President Trump has confounded all his critics by bringing the North Korean Dictator Kim Jong-un to the negotiating table. No one should forget the reasons – that, as well as being a nuclear threat, North Korea is one of the most brutal places on earth.
Until this morning’s Today programme, I had not heard the BBC’s admirers of appeasement-loving former President Obama express much concern about this – about the fear Kim Jong-un wields, about the total oppression and indoctrination of the country’s people, about its off-the-scale human rights abuses and its never-to-be-returned-from concentration camps, to which all family members can be condemned.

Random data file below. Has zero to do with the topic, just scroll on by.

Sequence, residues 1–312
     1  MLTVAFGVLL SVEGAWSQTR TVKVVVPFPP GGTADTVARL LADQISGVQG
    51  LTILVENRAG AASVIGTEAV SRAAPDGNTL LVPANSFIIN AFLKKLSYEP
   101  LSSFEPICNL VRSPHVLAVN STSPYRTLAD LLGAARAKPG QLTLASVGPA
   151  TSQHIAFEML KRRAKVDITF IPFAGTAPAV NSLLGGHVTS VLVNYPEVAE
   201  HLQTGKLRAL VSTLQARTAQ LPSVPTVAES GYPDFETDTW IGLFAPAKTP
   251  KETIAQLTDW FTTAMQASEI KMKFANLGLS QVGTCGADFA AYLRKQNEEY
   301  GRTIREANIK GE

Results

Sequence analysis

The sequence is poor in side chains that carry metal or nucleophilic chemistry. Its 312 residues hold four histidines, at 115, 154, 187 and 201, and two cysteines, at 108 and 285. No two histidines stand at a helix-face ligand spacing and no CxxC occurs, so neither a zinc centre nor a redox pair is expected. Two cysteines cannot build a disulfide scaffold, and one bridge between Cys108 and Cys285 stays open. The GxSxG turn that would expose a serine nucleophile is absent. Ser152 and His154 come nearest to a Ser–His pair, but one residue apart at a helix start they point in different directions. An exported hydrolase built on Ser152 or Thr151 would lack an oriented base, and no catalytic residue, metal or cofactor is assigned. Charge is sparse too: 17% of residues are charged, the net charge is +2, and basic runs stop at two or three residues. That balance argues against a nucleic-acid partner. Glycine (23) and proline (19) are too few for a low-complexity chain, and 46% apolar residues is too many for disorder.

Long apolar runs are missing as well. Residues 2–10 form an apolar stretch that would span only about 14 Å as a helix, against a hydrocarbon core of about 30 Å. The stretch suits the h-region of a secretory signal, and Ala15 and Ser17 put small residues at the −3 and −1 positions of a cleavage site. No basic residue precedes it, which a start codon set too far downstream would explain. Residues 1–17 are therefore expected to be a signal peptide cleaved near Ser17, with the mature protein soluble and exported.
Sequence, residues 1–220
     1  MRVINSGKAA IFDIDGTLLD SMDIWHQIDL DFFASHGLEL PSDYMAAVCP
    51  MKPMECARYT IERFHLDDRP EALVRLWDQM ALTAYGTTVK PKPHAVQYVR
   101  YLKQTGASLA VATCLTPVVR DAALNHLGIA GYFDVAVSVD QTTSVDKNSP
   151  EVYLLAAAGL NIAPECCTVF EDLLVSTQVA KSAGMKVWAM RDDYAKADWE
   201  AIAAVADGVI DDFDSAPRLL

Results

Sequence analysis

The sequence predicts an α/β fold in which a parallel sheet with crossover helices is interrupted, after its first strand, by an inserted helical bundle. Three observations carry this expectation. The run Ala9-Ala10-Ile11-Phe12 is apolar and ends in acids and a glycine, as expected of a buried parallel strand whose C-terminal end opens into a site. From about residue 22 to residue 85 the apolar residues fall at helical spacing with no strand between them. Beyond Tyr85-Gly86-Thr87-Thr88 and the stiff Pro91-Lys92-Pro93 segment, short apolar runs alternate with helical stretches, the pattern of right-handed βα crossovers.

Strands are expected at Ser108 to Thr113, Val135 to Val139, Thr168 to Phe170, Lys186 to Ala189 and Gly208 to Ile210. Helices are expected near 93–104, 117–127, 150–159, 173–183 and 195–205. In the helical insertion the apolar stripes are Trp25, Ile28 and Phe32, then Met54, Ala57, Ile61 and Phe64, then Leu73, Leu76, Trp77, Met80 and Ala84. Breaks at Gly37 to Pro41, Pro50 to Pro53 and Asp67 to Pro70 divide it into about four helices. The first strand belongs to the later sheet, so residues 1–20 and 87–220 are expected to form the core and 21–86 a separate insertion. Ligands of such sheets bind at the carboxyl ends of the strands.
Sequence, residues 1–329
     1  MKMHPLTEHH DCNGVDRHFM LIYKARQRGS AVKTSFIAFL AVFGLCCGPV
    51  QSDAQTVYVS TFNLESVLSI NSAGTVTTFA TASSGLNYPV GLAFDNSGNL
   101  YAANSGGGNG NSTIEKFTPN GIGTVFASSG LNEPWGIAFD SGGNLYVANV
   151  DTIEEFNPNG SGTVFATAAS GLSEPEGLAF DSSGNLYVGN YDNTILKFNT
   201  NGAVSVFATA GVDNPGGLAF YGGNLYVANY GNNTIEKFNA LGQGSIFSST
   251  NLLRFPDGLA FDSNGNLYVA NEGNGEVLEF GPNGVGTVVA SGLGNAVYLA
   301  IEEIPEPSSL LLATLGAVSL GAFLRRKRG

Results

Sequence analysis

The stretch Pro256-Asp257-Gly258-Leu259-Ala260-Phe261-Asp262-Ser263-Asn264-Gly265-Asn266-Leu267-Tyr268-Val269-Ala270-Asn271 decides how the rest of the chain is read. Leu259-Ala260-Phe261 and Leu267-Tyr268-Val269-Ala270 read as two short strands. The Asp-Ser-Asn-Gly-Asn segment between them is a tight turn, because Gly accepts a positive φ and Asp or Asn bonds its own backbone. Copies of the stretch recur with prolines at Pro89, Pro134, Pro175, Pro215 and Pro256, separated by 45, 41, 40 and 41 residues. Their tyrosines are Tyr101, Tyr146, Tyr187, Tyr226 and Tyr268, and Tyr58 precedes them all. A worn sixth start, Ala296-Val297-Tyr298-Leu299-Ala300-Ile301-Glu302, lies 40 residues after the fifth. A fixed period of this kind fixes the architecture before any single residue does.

I couldn’t help wondering why it has taken the BBC till now to deal with what is normally high on their agenda – human rights – and to invite Amnesty on to the programme to talk about North Korea.
Well, whatever Today’s motivations, Amnesty is right on this: these terrible abuses must not be forgotten in the rush to defuse North Korea’s nuclear threat. (It’s a pity though, as they gave this warning, they didn’t take the opportunity to most humbly apologise to President Trump for having called him a human rights violater).
Last year, as President Trump set out his new tough approach to North Korea, we interviewed J P Floru, author of The Sun Tyrant: A Nightmare called Korea. He stated categorically then that Trump was right on both moral and political grounds – that there was no choice.
You can read about Floru’s experience of a country he’s described as second only to Pol Pot’s Cambodia in its barbarity here.